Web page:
Indeed, the use of ribosomally targetted oligonucleotide probes overcomes
much of the problem with culturing bias. Of course, probing is still a new
technology, and many aspects of it remain in the experimental, or testing,
phase. For example, when combined with PCR, probing should be able to
detect cell types never before cultured. Otherwise, we are limited to
probing for cultured species for which we have the rRNA sequence.
In article <33E9D23A.5612 at sask.usask.ca>, Subramaniank at SASK.USASK.CA
(Karthikeyan Subramanian) wrote:
> How can we discuss the structure or biological diversity of a biofilm
> community, when we can culture only a small percentage of the organisms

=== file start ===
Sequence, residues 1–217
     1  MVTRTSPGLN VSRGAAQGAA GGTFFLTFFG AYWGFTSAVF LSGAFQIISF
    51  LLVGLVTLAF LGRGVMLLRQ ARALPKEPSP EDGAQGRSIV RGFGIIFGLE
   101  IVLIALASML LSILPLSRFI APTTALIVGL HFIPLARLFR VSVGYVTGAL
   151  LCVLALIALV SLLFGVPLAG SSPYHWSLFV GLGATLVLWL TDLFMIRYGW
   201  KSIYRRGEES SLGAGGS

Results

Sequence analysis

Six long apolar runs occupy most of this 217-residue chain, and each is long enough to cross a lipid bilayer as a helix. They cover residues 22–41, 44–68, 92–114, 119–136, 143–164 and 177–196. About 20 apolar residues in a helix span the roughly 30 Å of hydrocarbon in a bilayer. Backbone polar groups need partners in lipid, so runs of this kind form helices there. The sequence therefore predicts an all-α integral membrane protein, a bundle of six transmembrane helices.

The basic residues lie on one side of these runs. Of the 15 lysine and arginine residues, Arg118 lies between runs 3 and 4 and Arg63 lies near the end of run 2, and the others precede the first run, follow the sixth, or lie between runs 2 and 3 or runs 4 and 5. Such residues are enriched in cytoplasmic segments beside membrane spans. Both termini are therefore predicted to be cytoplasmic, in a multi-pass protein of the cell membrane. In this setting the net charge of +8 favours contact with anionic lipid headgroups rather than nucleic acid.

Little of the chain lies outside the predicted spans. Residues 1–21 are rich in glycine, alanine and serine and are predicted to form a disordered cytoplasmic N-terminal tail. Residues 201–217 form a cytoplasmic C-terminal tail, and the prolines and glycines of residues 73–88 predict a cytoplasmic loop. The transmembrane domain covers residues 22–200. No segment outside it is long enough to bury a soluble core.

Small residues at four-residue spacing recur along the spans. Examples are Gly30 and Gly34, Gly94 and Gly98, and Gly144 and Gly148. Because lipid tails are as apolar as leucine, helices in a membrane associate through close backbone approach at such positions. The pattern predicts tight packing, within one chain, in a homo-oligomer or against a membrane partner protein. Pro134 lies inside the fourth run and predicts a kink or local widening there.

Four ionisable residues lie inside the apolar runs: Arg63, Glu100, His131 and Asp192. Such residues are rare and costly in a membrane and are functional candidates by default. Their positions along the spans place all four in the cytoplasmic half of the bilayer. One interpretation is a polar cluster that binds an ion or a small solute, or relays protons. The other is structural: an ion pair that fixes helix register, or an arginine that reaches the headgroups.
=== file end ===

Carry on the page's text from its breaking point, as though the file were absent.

> present, and the normal plating procedures can exclude those members....
> which may be crucial to the biofilm function, yet present only on those
> plates which are TNTC.
Doesn't PCR-based DNA sequencing, using "universal" ribosomal DNA primers
related methods, provide a solution to that problem? Or am I out of touch
practical limitations to that approach. Granted, an rDNA sequence alone
perfect for doing systematics and is useless for physiology, but it would
to be useful (in theory) for quantitating populations. Are there no tricks
for teasing out relatively rare sequences?
rapr at med.pitt.edu
Bruce E. Rittmann
John Evans Professor of Environmental Engineering
2145 Sheridan Road
Evanston, IL 60208-3109
b-rittmann at nwu.edu
847-491-8790 (ph); 847-491-4011 (fax)